Print ISSN: 0031-0247
Online ISSN: 2274-0333
A pangolin from the French Quercy phosphorites
The skull of Tetraceratops
Notidanodon tooth (Neoselachii: Hexanchiformes) in the Late Jurassic of New Zealand
Fossil vertebrate assemblage at Las Aguilas
A femur of the giant bird Gargantuavis
Diversity of triconodont mammals from the early Cretaceous of North Africa-affinities of the Amphilestidsamphilestines; Early Cretaceous; gobiconodontines; North Africa; Teeth; triconodonts
Cite this article: Sigogneau-Russell D., 2003. Diversity of triconodont mammals from the early Cretaceous of North Africa-affinities of the Amphilestids. Palaeovertebrata 32 (1): 27-55 .
The mammalian fauna (represented only by isolated teeth) from the early Cretaceous of Morocco includes a number of non-'therian' specimens, characterized by the antero-posterior alignement of the main molar cusps. This assemblage is very heterogenous, including forms (among them Gobiconodon palaios sp. nov.) that can be related to Laurasian triconodonts and several forms so far known only in this part of Gondwana (among them Kryptotherium polysphenos gen. et sp. nov.). The latter, in particular, exemplifies the diversity of the mammalian dental morphology in the Mesozoic, often largely underestimated. In the last part of this paper, the 'therian' affinity of the 'amphilestids' is discussed, on the basis of the arrangement of molar cusps, the interlocking mechanism and the occlusal pattem.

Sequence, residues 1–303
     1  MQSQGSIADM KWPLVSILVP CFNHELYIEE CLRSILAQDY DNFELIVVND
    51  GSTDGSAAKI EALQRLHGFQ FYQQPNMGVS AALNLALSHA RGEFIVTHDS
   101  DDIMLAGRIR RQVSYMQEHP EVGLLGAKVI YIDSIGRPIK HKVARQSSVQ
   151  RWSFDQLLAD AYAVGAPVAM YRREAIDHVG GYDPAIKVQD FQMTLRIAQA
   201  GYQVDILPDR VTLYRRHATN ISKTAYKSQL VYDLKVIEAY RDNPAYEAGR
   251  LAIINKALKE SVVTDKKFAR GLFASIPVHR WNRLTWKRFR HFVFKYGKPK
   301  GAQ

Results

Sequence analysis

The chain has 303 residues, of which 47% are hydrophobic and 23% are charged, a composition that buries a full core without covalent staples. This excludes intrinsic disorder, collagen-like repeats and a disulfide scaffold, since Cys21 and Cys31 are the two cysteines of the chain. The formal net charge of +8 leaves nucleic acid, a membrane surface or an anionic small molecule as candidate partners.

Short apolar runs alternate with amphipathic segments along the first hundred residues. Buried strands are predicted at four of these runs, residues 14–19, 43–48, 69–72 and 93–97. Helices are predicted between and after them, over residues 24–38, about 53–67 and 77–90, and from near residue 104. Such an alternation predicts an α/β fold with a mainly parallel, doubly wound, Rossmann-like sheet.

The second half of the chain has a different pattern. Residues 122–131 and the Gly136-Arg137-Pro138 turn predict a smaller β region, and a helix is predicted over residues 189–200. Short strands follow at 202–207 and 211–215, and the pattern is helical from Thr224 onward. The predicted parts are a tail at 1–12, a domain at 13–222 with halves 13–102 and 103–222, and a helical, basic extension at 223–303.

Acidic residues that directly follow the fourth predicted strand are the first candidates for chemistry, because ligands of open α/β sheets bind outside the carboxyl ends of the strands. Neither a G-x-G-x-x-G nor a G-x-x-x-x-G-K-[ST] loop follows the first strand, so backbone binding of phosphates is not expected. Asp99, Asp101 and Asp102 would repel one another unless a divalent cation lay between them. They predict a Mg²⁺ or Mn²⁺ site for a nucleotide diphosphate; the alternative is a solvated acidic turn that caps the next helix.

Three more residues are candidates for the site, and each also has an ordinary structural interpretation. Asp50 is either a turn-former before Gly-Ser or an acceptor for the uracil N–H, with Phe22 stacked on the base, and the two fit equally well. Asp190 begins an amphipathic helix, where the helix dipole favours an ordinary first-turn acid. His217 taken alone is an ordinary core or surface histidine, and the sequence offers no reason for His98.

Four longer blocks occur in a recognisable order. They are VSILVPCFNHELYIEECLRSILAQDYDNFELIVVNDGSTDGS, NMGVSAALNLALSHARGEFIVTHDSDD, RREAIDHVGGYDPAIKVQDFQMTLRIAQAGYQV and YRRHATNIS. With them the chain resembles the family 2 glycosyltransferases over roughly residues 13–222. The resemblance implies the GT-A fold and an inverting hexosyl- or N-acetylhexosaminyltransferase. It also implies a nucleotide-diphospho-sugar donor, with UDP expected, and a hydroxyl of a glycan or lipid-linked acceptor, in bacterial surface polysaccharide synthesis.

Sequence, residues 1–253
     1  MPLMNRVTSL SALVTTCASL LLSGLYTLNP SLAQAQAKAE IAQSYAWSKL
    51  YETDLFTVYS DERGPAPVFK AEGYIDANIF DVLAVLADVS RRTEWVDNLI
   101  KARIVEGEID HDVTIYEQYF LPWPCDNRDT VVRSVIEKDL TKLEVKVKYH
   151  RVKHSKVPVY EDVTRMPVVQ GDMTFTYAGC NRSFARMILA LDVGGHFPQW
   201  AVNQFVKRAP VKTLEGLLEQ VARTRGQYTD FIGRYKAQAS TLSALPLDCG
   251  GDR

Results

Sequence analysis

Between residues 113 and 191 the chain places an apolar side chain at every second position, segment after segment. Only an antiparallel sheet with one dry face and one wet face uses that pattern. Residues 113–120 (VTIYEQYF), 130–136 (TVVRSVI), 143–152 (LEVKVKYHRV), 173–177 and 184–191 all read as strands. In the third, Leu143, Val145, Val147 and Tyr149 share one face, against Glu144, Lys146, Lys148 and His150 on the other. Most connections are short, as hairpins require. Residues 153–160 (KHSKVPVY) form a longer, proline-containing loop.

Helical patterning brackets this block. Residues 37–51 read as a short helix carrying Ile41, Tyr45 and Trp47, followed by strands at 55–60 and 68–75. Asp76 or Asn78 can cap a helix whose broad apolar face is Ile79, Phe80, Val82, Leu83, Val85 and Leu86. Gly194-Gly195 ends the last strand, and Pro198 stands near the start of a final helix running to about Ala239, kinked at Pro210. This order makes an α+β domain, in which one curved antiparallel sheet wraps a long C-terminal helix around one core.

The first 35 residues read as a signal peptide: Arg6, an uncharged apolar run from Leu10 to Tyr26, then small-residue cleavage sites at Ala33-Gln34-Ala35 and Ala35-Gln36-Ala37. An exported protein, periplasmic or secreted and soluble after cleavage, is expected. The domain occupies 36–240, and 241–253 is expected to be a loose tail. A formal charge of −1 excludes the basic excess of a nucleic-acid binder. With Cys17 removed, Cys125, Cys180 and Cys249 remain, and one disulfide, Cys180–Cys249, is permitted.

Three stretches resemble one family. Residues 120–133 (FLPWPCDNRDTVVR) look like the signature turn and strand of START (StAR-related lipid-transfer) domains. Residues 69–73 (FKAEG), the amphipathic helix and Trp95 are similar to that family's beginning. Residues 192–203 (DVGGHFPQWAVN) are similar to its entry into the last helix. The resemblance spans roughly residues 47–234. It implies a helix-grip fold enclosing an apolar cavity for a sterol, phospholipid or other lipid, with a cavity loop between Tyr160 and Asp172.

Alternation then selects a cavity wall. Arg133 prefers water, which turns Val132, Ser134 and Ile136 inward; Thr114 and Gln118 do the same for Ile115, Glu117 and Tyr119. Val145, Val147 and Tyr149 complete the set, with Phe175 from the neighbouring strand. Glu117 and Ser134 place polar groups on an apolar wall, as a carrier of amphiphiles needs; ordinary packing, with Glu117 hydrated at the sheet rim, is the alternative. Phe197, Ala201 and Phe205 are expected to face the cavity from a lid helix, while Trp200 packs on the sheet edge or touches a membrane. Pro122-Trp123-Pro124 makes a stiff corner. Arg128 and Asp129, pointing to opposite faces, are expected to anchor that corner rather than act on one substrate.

Published in Vol. 32, Fasc. 1 (2003)